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Mixed drinks have been enjoyed from the beginning of the civilization, some even saying that the first cocktail was prepared from lemon juice and viper powder.

The first collection of cocktails was published in the seventeenth century and included many complicated recipes. The editor, the Distillers Company of London, authorized by King Carol the First, actually published some sort of medical agenda and its cocktails plaid the role of drugs. But aren’t we still thinking that some cocktails are like “medications”?

There are many opinions concerning the origin of the word “cocktail”. It is your choice to decide which of the following versions is more appropriate, but we can consider all of them to be true, until the opposite is proved.

The word “cocktail” was first defined in an American journal in 1806 like this: “a combination of alcohol, sugar, water (ice?) and fruits”. The word “cocktail” was not very spread at that time, but the magazine did not exclude the possibility that this word could have had a more narrow meaning before.

One of the most circulated theories sounds like this: during the war of independence in the USA, the owner of the guest-house, Betsy Flanagan, whose clients were officers in the armies of Lafayette and Washington has once cooked a meal from a hen stolen from her neighbors who were English sympathizers. To celebrate her small victory, she decorated the glasses which were used to at dinner with the bird’s feathers. Her French guests proposed a toast in her name shouting: “vive le cocktail!”

The next two stories come from Mexic: on one of Mexican beaches there is a small town called Campeche, a place were English sailors used to drink traditional punches “dracs”. To mix up the drinks they used specially shaped wooden spoons. The natives called them “cola de gallo”, in English “cock's tail”. Later, English sailors started to use the same name for punches. While visiting the chief of a local tribe, the officers of the American marine were served with exotic drinks prepared by the chief’s daughter X-octl. The officers called these drinks cock-tails in the name of the chief’s daughter; the English word sounded much like her name.

Another theory tracks the origin of the word “cocktail” in France. According to this version, this word comes from the name of the punch prepared from wine called coqetel in the Bordeaux region.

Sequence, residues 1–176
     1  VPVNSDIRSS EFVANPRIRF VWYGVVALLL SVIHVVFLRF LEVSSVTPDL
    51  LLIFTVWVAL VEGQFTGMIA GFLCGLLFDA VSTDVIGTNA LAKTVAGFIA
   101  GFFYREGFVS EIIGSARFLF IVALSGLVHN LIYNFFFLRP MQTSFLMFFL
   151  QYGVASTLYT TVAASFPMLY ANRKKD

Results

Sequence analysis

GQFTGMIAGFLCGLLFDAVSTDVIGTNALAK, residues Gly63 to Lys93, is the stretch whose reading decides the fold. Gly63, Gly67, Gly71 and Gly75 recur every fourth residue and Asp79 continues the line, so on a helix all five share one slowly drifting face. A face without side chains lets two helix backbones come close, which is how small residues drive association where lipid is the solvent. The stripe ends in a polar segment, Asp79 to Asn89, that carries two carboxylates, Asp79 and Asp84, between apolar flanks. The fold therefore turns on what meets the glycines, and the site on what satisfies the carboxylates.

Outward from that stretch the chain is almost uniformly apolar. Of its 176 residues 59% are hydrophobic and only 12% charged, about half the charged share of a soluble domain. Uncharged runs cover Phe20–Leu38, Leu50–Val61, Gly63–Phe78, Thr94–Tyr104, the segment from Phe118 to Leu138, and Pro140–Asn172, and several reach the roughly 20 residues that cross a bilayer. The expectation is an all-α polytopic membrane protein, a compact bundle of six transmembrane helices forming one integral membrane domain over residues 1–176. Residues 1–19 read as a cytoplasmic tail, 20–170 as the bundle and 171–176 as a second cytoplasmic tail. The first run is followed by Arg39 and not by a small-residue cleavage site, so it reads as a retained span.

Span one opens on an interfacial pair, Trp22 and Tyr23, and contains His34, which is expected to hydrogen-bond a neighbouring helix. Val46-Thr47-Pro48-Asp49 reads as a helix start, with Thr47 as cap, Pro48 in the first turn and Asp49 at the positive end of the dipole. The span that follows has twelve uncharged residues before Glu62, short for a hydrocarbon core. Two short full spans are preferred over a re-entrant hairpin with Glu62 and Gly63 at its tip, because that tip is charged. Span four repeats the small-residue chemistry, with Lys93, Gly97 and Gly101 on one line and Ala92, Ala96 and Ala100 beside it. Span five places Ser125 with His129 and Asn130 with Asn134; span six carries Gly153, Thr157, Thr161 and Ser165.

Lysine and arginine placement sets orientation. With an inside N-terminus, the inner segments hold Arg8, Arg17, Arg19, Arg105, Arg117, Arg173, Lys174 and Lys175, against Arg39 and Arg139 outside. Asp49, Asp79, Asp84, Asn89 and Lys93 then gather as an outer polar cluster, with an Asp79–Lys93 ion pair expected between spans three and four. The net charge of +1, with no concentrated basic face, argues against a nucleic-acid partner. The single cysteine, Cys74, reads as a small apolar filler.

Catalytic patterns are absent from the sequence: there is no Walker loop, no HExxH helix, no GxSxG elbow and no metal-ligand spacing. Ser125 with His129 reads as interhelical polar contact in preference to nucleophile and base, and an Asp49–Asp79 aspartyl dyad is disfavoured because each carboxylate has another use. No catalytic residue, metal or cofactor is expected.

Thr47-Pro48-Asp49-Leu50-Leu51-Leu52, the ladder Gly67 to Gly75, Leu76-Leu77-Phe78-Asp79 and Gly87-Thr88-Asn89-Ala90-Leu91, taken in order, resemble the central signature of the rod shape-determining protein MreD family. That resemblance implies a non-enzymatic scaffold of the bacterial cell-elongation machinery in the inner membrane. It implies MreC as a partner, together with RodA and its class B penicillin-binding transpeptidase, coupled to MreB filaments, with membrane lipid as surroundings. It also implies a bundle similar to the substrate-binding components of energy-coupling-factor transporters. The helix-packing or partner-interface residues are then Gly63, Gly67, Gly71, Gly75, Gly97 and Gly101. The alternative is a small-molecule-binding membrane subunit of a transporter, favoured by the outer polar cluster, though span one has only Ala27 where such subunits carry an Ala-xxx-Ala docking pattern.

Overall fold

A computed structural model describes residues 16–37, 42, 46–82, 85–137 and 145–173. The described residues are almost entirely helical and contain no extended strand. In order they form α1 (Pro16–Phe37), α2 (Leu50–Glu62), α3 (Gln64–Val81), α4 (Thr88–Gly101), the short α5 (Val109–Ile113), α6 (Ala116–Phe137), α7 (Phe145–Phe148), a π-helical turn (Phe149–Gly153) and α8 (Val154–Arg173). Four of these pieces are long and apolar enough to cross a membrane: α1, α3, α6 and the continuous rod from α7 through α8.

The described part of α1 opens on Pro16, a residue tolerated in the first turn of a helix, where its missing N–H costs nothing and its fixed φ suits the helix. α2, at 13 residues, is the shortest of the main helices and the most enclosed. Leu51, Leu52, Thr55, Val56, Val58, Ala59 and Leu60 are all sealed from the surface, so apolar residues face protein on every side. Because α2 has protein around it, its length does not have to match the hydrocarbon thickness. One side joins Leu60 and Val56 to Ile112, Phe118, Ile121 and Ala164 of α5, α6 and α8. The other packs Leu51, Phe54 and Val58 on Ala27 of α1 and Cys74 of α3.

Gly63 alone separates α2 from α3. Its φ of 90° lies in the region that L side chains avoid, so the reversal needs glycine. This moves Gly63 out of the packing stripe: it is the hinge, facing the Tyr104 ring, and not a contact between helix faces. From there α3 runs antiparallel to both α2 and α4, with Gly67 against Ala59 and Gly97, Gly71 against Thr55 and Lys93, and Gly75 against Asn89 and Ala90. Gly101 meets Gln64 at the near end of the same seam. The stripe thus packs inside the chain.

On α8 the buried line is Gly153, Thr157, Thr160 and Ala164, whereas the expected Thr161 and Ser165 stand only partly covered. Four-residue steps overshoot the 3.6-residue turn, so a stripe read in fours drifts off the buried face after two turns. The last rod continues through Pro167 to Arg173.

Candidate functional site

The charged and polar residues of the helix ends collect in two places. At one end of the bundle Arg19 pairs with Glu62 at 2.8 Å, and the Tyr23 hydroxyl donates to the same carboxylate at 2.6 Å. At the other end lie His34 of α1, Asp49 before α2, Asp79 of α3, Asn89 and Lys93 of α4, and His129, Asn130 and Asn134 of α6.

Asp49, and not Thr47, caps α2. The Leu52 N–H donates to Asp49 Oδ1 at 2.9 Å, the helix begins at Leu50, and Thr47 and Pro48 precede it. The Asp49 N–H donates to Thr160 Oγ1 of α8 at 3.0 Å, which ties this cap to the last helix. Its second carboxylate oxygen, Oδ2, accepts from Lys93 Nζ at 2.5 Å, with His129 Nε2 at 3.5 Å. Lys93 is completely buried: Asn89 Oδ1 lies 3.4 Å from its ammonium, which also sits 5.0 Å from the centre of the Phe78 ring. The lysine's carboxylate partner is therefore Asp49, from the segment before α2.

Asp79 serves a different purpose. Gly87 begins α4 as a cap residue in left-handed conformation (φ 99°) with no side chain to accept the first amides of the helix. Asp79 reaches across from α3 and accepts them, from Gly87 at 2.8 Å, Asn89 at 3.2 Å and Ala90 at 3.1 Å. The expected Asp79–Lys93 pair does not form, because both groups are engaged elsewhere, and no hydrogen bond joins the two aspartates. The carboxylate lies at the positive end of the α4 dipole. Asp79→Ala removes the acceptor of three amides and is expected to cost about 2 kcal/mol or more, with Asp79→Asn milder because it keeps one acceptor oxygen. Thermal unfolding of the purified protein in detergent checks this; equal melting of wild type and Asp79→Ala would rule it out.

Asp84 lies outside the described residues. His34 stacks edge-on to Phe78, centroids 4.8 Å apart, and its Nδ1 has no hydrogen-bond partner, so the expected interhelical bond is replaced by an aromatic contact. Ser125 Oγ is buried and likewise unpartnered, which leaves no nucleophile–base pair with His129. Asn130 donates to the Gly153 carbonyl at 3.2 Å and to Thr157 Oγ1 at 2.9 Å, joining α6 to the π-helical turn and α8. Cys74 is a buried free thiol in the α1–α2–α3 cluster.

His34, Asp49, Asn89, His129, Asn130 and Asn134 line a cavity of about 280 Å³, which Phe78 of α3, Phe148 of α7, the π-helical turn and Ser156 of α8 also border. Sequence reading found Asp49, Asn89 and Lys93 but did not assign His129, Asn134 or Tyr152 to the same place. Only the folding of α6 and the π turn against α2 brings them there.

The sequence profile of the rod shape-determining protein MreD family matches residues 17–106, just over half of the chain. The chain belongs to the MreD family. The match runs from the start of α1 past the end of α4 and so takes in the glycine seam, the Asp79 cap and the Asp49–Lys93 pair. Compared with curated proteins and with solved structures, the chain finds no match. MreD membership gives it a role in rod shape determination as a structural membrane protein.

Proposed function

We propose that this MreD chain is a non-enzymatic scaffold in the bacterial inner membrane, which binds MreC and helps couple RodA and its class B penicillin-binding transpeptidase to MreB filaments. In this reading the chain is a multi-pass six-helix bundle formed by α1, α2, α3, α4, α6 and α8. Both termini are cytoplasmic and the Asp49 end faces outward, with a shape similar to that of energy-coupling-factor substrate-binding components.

There are also many other theories, all of them being as true as these ones. But one thing is for sure, there is no definite answer to this question.

The first true collection of cocktails was written by Jerry Thomas, in 1862, and it was called “Bon Vivant's Guide, or How to Mix Drinks”'.

Cocktails, the way we know them, became popular for the first time in the USA. In the beginning, these were most often ready-to-drink beverages served at sports events or picnics, and less in bars. The first cocktail bar in London was opened only in the second decade of the last century. The international interest for cocktails awoke in the 20’s, when the prohibition in the USA led the country to the age of cocktails.

Nowadays, classical cocktails are shown much respect, but, in the same time, our preferences and tastes are continuously changing, a fact that keeps the desire to experiment in the cocktail world alive – a world with undiscovered origins.


The original Design of the restaurant-pub "Passepartout” is complemented by a rich menu, which includes traditional foods of different countries. Here you can taste the well-known French quiche-Lorraine, Italian pasta, English sandwiches and toasts, oriental food, and many more.

The restaurant offers a large range of meat and fish foods, including grilled. You can also enjoy different snacks, soups and sauces.

You can admire the spirit of the place while drinking tea or coffee with your friends or partners. If you prefer something stronger, you could order a bottle of rum or tequila. Those who love sweets will be served with desserts made according to the recipes elaborated by the restaurant’s chefs.

The restaurant’s menu is permanently renewed and completed with new foods. That is why your every visit at "Passepartout” will become a pleasant discovery.

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Hot appetisers
Nonalcoholic drinks
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Kogalniceanu str., 62
+ 373 (22) 27-94-82
+ 373 68 300 825
+ 373 68 300 805
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